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Consumer gaming in the 5G era: is there a new opportunity for operators?

We knew it was not a matter of if, but when; like with music and video in the past, digital transformation is now disrupting the gaming industry. Shifting consumer behaviour is a major driving force, as is recent progress with enabling technologies such as cloud, 5G and immersive reality. Here we look at the transformation of the gaming industry across different areas, and analyse what it means for mobile players.

 Gamer behaviour is changing

Gaming is a popular pastime for people of all ages. GSMA Intelligence Consumers in Focus research shows that 60% of the adult population across the 20 major countries we analysed plays digital games on consoles, PCs or mobile devices at least once a week. That is a significant user base. Our research also shows that gamer behaviour is changing. First, there is a shift of gaming time from consoles to mobile devices, especially smartphones. This brings greater reach and higher consumer engagement, owing to the ubiquitous adoption of smartphones and the plethora of games available on mobile app stores.

Second, like with music and video, a subscription model is now emerging for gaming, as consumers show interest in it. Today, gamers have a broad and diverse range of options to choose: these include subscriptions for consoles (e.g. PlayStation Now, Nintendo Switch Online, Xbox Game Pass), cloud gaming subscriptions (e.g. Google Stadia, Tencent Start, GeForce Now), subscriptions designed for mobile (e.g. Apple Arcade, Google Play Pass) and subscriptions provided by game publishers (e.g. Uplay+, Origin Access).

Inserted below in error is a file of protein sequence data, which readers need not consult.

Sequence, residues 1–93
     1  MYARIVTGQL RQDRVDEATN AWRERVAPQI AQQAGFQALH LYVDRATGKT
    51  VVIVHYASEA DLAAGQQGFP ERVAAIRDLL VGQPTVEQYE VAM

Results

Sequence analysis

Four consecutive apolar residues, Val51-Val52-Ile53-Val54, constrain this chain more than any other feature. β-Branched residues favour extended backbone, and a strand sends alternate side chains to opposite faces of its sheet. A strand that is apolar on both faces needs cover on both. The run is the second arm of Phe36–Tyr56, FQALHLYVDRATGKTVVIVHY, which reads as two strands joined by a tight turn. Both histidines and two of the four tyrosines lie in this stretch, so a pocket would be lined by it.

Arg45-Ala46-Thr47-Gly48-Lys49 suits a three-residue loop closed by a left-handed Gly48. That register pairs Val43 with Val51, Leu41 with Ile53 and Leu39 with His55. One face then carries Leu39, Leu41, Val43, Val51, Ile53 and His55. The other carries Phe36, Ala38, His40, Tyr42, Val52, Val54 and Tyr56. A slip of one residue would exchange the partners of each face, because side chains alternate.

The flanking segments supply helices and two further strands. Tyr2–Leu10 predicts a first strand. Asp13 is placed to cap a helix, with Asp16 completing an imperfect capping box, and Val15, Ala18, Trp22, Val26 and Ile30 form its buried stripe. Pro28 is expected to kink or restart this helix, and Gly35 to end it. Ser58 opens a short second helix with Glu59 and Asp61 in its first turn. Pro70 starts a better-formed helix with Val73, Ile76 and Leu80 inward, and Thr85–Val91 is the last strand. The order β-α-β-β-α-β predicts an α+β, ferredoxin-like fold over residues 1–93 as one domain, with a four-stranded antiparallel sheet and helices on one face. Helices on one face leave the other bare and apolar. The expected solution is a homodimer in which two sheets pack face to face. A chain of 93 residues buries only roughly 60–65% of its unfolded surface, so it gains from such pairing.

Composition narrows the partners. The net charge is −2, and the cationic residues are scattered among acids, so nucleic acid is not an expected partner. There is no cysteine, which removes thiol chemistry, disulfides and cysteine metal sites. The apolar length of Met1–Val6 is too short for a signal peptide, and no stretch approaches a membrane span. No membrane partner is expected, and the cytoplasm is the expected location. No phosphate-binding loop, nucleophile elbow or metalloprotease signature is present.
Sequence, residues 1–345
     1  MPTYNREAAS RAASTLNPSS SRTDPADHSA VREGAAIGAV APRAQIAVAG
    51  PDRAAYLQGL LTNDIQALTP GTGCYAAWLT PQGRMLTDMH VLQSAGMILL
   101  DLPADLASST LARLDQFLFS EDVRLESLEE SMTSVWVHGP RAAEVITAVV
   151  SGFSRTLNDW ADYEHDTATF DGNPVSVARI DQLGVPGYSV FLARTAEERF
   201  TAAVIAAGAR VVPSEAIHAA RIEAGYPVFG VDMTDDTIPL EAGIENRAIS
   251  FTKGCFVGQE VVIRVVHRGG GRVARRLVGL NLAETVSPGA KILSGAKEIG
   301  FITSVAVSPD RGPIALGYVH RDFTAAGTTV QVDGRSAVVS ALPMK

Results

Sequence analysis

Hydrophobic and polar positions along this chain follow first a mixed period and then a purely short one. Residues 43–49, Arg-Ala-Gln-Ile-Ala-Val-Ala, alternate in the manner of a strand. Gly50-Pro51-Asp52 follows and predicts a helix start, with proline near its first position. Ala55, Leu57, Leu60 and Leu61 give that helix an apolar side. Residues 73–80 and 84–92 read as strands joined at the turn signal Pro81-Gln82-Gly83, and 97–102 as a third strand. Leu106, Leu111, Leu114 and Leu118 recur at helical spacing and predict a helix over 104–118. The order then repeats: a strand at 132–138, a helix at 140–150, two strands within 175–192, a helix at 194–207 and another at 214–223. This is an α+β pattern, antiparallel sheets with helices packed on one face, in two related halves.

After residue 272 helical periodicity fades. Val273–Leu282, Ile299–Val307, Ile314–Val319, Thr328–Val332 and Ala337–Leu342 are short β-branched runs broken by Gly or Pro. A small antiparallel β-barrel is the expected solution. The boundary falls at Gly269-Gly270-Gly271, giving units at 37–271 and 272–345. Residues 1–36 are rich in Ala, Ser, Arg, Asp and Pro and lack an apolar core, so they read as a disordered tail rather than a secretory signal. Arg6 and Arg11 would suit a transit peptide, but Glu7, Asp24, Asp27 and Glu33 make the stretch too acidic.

What does this mean for the gaming industry?

It means disruption and innovation. The advent of mobile as a gaming platform and the rise of cloud-based gaming have disrupted the position of consoles as the dominant platform, opening up the market to new competitors. Console sales have been hit in recent years, while some OEMs have enhanced the gaming capabilities of their smartphones. Flagship mobile devices (e.g. the Samsung Galaxy S21, Razer Phone 2 or Asus ROG Phone 5) are marketed specifically for gaming, with aftermarket accessories that can turn these devices into dedicated mobile gaming consoles.

It also means a new business opportunity. Let’s do the math; 15% of gamers (in the 20 countries we analysed) already have a gaming subscription; half of gamers are not interested in a gaming subscription (for now); that leaves an incremental market of at least 35% of gamers. If subscription gaming is to work as a mass-market commercial product, gaming companies will need to attract non-paying gamers and turn them into paying gamers.

The prominent cloud gaming services in operation are run by the big companies with established cloud and content delivery network infrastructure footprints (e.g. Microsoft, Google and Tencent), but mobile players, such as Apple and a range of operators, are making progress here too. Also, last week, Netflix confirmed its intention to enter the gaming market (certainly a big development).

Why are operators looking at gaming, and why now?

So far, operators have mostly benefited from gaming indirectly through upselling, as heavy gamers need larger mobile data allowances. However, the shift of gaming to mobile devices, coupled with technology innovation that heavily involves (or is led by) operators (e.g. cloud, edge, 5G) are driving new thinking.

5G is important for (at least) two big reasons. First, streaming requires cloud-based content access, delivery and consumption, which in turn requires high-speed connectivity and low latencies – this is 5G territory. The rollout of 5G networks enables the faster and low-latency connections that smartphone gamers need to have higher-quality, uninterrupted cloud-based gaming sessions.